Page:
Marketing Guy: Say, how about this time around we leave off the rotting lion carcass?
Lyle’s Golden Syrup Guy: No way, it’s been there since 1885. My father’s father’s father’s father designed that label.
Marketing Guy: Erm… yeah.  Look, I know this may come as a shock to you, but our focus groups say they’d rather not buy food products with images of decomposing animals on them.
Lyle’s Golden Syrup Guy: You’re fired.)

Here’s the recipe I tried which I got from, with amounts adapted to provide slightly less than one million flapjacks, which is what the original recipe seemed bent on producing:

Traditional Flapjacks

Ingredients: (with helpful conversions, substitutions and hints)

  • 250g or 1 cup butter (preferably unsalted)
  • 150g or 2/3 cup golden syrup (or corn syrup in a pinch) (or honey, but not really) (Hint: coat your spoon, measuring cup, hands, and all other kitchen surfaces with a light film of cooking oil before approaching the golden syrup tin. You’ll thank me later.)
  • 167g or 1 cup brown sugar, lightly packed 
  • 333g or 5 cups porridge oats / rolled oats 
  • OPTIONAL: 100grams or 3/4 cup raisins (I say optional, but really, they’re better with raisins.)
      Method: (with helpful conversions and editorial comments)
      1. Preheat oven to 160 C or 320 F or Gas Mark 3 or 433.5 degrees Kelvin
      2. In a large pan on low heat melt butter, sugar and syrup till well combined and runny. Mix in the oats in batches, making sure none are left uncoated by the butter-sugar-syrup mix.
      3. Pour into a cookie sheet (9” x 13” or 225mm x 320mm) lined with parchment paper. Level out the mix with a spatula. Bake for 25-35 minutes (or 1.5 million to 2.1 million milliseconds).  (Note that came with the recipe: These should look seriously under-baked, that's the point. When they are done, if you grip the pan and give it a little wobble, it will look uncooked. This is perfect.)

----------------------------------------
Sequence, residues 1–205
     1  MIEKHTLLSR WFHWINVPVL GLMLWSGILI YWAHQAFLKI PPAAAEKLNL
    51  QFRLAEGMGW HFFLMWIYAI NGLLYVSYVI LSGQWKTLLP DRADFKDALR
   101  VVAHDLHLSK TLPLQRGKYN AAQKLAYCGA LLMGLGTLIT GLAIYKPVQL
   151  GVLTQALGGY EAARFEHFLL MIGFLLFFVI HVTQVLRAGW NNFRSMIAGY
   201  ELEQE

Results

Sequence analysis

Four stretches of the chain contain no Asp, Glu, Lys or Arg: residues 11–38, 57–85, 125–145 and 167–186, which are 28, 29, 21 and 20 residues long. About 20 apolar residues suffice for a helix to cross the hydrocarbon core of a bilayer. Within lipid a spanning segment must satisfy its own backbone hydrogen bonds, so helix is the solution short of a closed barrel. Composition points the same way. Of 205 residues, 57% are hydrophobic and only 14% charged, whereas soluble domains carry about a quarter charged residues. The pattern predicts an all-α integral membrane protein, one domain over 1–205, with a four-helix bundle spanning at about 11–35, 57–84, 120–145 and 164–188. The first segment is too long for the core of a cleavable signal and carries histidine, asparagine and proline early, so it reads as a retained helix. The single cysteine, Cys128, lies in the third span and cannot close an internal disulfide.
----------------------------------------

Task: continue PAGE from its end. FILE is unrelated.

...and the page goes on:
4. Cover with a clean tea towel and leave for a whole day or overnight till completely cold. (Pam’s note: You’ve got to be kidding me…) If you try and turn them out before, they will be ruined. (Pam again: Not true in my experience, but see caveat below.) When they are completely cold, turn them out and cut into bars. Wrapped in cling film / saran wrap or foil these will last a week at least. They freeze well too! (Pam says: This remains to be seen.)
      Yield:  about 2 dozen modestly sized bars (1-1/2” x 3” x 3/4” or 35mm x 70mm x 18mm)

      My flapjacks
      This is a super easy recipe to make, and it worked out fairly well, especially if you consider the fact that I had the oven on the wrong setting at first (of course) and hence was broiling (for UK readers: grilling) my lovingly made flapjacks for a while.  My personally annotated version of this recipe now bears the note: “use the oven setting with the picture of one solid bar along the bottom”. (As opposed to the setting with the picture of tiny triangles suspended, points down, at the top, of course.  Duh.)  At least this slight overcooking meant that I didn’t have to wait EIGHT HOURS for my flapjacks to cool and firm up, which is a damned good thing.